You Have to Read This Story About the Guy Who Put a Car on His Credit Card
I am simultaneously impressed and horrified by this MarketWatch story about a man who put a $45,000 car on his credit card:
[Chris Mixter] wanted to put the entire purchase of a 2018 Honda Odyssey minivan on his United MileagePlus Explorer credit card, which he uses for almost every purchase he makes.
The card offers two United miles for every $1 spent on tickets purchased from United and one mile for every $1 spent on everything else. So, Mixter figured, he could get about 45,000 points for the purchase of the car, which would cost $45,000 including its extended warranty.
United miles are currently valued at 1.5 cents per mile, meaning Mixter would get about $675 to spend from the purchase.
Should we even pause to consider that he only got $675 in rewards from his $45,000 purchase? Part of me is thinking “Why didn’t you try to apply for a Chase Sapphire Reserve card? You could have gotten $750 worth of points by spending $4,000 in the first three months!” Mixter admits, in the article, that he didn’t maximize his points as well as he could have—but this is also a good example of exactly what credit card rewards are worth.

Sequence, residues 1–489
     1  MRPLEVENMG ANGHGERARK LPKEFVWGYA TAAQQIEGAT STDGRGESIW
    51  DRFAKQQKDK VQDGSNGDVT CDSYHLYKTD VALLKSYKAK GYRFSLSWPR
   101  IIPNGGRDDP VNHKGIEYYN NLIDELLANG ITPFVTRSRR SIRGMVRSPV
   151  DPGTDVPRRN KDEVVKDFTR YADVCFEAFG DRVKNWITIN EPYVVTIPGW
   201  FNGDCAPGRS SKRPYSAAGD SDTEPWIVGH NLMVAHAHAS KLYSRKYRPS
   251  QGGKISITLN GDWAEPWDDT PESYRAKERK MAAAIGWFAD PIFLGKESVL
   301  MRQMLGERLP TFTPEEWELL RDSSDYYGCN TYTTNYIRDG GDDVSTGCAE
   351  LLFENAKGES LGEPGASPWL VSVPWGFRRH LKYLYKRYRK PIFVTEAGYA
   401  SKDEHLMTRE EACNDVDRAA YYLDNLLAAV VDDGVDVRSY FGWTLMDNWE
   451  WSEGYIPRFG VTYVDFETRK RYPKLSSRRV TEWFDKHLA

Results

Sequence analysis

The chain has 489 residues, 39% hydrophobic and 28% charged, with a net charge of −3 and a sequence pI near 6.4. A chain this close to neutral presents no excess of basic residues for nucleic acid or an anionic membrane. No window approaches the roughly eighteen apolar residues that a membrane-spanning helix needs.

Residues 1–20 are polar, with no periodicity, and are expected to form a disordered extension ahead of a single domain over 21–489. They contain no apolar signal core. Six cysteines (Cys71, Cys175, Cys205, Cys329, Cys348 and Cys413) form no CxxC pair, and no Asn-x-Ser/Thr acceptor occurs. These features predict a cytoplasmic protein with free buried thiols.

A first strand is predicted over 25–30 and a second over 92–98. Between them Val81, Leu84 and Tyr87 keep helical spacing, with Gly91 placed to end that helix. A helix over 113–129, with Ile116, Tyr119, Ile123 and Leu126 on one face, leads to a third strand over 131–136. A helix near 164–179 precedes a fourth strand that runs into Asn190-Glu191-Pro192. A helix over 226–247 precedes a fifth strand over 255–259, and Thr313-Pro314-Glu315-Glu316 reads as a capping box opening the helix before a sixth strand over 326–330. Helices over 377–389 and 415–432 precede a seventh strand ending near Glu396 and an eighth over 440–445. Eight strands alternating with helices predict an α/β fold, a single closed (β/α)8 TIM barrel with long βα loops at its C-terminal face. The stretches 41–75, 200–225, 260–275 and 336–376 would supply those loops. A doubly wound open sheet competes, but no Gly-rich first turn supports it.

(Also, the Chase Sapphire Card has a $450 annual fee—compared to the United MileagePlus Explorer’s $95 fee—so I’d have to do some more math to figure out whether he would have come out ahead.)
The rest of the MarketWatch article details what you have to do to put a $45,000 purchase on your credit card, both from the credit card company’s end and from the car dealership’s end.
It also addresses how Mixter plans to pay the car off:
After panicking a bit, Mixter decided to open three 0% APR balance-transfer credit cards, and he shifted the balance from his United card to those cards. He’ll pay those off before he starts collecting interest on them, he said. He has 14 months when he can pay 0% interest on them.
The “panicking” is because this wasn’t Mixter’s first choice, in terms of methods of payment. But I won’t give the whole article away—read it yourself and then we can discuss whether this guy made a smart financial move, or a risky one.